Linley Hamilton“Taylor Made” (Lyte Records LR006)
Trumpeter Linley Hamilton is part of the burgeoning Northern Ireland jazz scene. The Belfast based musician has worked extensively in both the jazz and pop/rock genres appearing with artists such as fellow compatriot Van Morrison plus Jean Toussaint, Jacqui Dankworth, Ken Peplowski, Foy Vance, Paul Brady and The Commitments. He also introduces a late night jazz show on Radio Ulster with the appropriate title of “After Midnight”. His latest album appears on Irish drummer David Lyttle’s Lyte Records and is an accomplished “modern mainstream” set featuring an interesting selection of jazz standards, contemporary jazz compositions and arrangements of classic pop tunes.
Hamilton appears on both trumpet and flugel horn in a quartet setting that features pianist Johnny Taylor after whom the album is named. Taylor is very much Hamilton’s right hand man, an imaginative soloist and the arranger of many of the tunes on the album. The group is completed by bassist Dan Bodwell, an American living in Dublin, and drummer Dominic Mullan.
The album commences with the jazz standard “Without A Song”, the opening trumpet cadenzas demonstrating Hamilton’s purity of tone before the quartet kick in to deliver the tune at a fast clip. Hamilton’s immediately impresses with his fluency as a soloist and there’s a scintillating trumpet/piano duet mid tune just before a typically sparkling Taylor solo. Bodwell and Mullan swing prodigiously at the fast tempo and keep the pot bubbling almost throughout whilst simultaneously leaving the soloists plenty of room to work in. An impressive start. “Fade A Little” is written by Roman and Julian Wasserfuhr, the young German jazz playing brothers. Roman (piano) and Julian (trumpet) are signed to the prestigious ACT record label for whom they have recorded two albums.
“Fade A Little” is a sombre ballad that opens with a brooding but beautiful piano/flugel duet before moving on to absorb delicately nuanced drumming and deeply resonant but wholly sympathetic bass. The Wasserfuhr’s melody has a song like directness that sometimes recalls ACT label mates E.S.T. and Hamilton and his group serve the tune beautifully.
Alto saxophonist Kenny Garrett’s tune “Happy People” is well named. The jaunty, subtly gospel tinged piece is played with a real joie de vivre with as both Hamilton and Taylor solo in exuberant fashion and Bodwell and Mullan gleefully grapple with the complexities of the rhythms.
In a well programmed set “My Heart’s Desire” features the lush ballad playing of Hamilton with Taylor counterbalancing this by adding a subtle touch of the blues to the proceedings as the rhythm section keep things ticking along nicely. It’s another highly tuneful piece and once again the quartet bring out the full beauty of the melody within an imaginative arrangement.
The boppish arrangement of Rogers & Hart’s “This Can’t Be Love” allows Hamilton and Taylor to show off their chops with joyously fluent solos and Mullan enjoys a series of brief drum breaks. Great fun.
“Throw It Away” is another example of the quartet’s superior ballad skills with Bodwell’s bass solo an early highlight. Hamilton and Taylor once again contrast well on their solos, Hamilton cool and lyrical and Taylor more extrovert but tastefully so. The pianist is an excellent improviser, fluent and full of ideas, he always seems to have something interesting to say.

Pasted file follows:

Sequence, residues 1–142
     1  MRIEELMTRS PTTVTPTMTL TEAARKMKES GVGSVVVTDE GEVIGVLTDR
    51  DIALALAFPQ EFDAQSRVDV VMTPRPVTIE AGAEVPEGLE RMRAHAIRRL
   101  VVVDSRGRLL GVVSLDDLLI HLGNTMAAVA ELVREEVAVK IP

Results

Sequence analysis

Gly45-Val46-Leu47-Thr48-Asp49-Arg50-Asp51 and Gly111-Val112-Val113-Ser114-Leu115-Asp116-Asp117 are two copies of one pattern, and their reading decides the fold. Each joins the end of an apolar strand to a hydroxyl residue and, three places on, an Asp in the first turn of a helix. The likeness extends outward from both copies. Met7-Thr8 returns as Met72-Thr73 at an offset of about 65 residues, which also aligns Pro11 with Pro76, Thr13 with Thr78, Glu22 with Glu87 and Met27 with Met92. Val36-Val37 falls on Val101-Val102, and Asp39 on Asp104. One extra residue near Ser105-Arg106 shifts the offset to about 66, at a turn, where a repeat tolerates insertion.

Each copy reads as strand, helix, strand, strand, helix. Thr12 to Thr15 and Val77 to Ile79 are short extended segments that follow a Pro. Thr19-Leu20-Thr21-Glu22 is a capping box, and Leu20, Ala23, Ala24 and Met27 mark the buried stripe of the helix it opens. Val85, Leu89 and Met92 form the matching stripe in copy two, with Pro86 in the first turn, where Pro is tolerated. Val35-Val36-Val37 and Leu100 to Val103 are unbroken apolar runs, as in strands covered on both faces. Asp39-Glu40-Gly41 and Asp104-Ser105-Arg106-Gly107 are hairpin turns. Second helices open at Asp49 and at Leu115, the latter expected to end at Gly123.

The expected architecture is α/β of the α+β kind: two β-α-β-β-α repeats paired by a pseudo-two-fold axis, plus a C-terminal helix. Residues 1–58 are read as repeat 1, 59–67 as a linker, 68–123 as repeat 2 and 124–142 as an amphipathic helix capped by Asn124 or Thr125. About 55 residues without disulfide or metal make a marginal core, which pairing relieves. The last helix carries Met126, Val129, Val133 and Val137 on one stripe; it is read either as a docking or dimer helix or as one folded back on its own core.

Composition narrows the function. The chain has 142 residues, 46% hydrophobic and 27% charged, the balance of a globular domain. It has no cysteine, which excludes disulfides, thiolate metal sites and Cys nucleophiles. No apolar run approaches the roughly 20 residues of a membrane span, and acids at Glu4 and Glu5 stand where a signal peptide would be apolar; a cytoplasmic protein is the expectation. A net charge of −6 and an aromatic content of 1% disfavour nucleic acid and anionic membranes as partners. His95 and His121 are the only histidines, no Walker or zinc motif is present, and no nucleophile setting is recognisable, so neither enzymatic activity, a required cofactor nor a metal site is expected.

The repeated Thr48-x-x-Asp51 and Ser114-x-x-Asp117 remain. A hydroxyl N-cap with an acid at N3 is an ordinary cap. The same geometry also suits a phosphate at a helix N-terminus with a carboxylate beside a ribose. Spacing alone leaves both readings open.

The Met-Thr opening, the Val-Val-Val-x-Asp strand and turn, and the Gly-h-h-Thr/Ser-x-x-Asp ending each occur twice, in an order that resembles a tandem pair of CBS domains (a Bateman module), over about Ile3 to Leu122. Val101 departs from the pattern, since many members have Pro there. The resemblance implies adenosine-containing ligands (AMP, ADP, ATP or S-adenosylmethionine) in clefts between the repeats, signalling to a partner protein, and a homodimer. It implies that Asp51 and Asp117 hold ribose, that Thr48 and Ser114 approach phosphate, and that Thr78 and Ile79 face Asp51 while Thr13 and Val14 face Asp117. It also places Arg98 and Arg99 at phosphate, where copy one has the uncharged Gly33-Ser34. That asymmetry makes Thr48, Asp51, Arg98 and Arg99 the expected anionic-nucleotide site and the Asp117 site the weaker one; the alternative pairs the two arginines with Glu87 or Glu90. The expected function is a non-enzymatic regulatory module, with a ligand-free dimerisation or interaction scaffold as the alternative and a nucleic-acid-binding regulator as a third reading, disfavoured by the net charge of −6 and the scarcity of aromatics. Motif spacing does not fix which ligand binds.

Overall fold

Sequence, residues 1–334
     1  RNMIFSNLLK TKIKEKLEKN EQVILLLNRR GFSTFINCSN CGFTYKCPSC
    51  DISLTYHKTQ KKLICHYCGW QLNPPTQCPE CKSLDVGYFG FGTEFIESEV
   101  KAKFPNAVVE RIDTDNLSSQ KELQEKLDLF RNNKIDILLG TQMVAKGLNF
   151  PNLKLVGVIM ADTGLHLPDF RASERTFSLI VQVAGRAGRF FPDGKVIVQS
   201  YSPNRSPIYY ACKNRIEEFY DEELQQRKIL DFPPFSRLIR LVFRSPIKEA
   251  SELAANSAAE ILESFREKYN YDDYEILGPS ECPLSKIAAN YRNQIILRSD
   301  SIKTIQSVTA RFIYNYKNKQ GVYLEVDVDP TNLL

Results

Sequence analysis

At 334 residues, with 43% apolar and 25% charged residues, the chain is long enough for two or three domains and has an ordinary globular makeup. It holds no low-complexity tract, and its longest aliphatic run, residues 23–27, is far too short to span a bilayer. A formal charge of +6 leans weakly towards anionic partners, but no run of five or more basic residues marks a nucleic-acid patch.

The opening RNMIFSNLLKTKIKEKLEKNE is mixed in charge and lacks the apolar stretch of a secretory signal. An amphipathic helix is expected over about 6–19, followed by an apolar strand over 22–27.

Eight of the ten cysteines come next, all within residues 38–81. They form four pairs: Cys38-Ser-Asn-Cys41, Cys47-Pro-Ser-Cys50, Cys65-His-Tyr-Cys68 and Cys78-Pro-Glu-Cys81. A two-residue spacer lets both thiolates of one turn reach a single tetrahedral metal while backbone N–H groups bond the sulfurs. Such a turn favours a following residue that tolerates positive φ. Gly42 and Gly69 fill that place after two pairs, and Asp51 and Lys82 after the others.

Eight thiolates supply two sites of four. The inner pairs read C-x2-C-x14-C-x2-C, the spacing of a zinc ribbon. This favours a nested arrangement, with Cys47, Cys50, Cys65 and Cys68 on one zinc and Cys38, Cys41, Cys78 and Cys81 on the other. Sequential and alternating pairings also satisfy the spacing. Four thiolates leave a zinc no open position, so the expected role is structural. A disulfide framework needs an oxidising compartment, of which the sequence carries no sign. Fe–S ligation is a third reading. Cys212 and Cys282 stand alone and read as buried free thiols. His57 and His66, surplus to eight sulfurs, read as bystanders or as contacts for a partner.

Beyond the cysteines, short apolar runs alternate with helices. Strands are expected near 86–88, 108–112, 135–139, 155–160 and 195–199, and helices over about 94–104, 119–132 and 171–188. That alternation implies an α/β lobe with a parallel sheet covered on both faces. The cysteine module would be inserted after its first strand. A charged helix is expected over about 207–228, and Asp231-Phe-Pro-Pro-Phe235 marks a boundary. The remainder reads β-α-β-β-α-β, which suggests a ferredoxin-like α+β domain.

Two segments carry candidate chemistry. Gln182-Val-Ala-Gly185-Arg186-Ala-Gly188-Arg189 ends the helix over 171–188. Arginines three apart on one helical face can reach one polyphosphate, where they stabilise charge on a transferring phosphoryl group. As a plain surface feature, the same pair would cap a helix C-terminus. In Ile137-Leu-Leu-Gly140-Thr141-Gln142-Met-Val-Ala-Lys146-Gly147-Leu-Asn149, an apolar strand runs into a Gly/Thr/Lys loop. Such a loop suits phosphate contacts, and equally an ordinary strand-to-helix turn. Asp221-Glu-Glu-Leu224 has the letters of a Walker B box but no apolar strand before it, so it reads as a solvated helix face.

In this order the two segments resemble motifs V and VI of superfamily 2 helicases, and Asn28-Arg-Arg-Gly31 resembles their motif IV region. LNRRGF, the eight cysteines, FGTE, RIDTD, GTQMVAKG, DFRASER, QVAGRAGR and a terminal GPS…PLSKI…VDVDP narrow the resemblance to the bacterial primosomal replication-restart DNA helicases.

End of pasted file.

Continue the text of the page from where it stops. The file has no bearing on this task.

The two “pop” tunes are sequenced together, both substantially re-worked and re-harmonised. Carole King and Gerry Goffin’s “Will You Still Love Me Tomorrow” becomes a wistful ballad with Hamilton’s purity of tone particularly striking. Taylor’s solo features him at his most lyrical accompanied by the purr of Bodwell’s bass and Mullan’s crisply accented cymbal work.
Paul Simon’s “Have A Good Time” is given a slyly funky treatment and is propelled by Bodwell’s bass groove and Mullan’s neatly energetic drumming. Hamilton’s slurs and smears give the piece a very contemporary feel. Taylor comps energetically on the first half of the tune before later stretching out with a solo that seems to borrow from both the blues and Horace Silver.
The album closes with Woody Shaw’s “Rosewood”, a spirited bop flavoured workout that again demonstrates Hamilton’s tremendous technical facility plus the equally impressive abilities of his three band mates.
“Taylor Made” is an impressive piece of work. Hamilton may not have anything particularly new to say but what he does impart is delivered with sophistication and eloquence. As a trumpeter he has it all-he’s fluent, agile and inventive on the up-tempo numbers, cool and elegant on the ballads. Taylor is the perfect foil and his playing sparkles imaginatively throughout. Bodwell and Mullan are a superbly sympathetic rhythm section but still find room to impress on an individual basis. Hamilton’s liner notes emphasise the contribution of engineer David McCune and rightly so, the mix is wonderfully clear throughout with each musician captured at just the right level. As the title partly implies “Taylor Made” is a superb all round team effort and the love and care that went into this project is palpable. “Taylor Made” ranks as one of the best contemporary mainstream recordings.